A few months ago, when Chicago finished its 10th warmest winter (followed by its warmest spring ever), I predicted a warm summer. Actually, the state climatologist predicted a warm summer, and I repeated this prediction.
Regardless, the mechanics are simple. Warm winters and springs keep Lake Michigan warm, which means come summer the lake can't absorb as much heat on hot days. This means, all things equal, a warm spring leads to a warm summer. (Oddly, though, warm summers have no effect on winter temperatures.)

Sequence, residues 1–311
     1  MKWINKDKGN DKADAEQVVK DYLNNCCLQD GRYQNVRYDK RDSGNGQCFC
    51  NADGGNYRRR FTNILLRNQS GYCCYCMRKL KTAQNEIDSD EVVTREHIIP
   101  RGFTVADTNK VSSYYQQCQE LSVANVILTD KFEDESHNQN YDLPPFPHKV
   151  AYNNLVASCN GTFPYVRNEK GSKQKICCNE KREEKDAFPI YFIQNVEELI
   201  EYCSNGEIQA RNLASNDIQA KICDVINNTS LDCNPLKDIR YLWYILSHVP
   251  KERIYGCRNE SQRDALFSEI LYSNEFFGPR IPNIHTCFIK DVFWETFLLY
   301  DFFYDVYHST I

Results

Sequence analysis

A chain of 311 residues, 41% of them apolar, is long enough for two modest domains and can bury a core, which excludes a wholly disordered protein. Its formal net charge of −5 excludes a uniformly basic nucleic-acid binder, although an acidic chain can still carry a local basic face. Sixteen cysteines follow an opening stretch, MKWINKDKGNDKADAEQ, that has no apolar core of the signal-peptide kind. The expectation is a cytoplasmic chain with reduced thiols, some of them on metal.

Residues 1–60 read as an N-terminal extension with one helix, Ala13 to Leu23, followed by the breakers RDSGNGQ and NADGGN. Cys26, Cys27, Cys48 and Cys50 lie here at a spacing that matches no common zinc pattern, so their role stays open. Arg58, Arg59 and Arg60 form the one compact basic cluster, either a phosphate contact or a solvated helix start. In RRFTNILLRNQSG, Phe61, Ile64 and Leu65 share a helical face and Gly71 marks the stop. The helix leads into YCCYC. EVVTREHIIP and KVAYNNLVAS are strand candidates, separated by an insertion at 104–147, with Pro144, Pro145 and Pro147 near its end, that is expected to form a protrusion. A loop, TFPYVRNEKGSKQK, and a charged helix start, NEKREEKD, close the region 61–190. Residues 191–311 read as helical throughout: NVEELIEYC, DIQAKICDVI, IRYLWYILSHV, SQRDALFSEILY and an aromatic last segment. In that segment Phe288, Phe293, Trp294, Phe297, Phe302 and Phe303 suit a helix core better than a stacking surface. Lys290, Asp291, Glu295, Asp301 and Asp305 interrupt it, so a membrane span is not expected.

How accurate was the prediction? Well, so far, this summer is worse than 1988:
The brutally hot and often bone-dry summer of 1988, serves as a benchmark for hot summers in the Chicago area. That year produced more 32°C and 38°C temperatures than any other on the record books here—47 and 7 respectively.
By June 19, the 1988 season had logged 10 days of 32°C temperatures. The long-term average of 90s [Fahrenheit] by June 19 has been just three. That means this year has been producing 90-degree days faster than one of the most prolific heat-generating summers in the Chicago area's history.
Someday I'll have a summer house in northern Saskatchewan. For the next three months, though, I expect to be uncomfortable.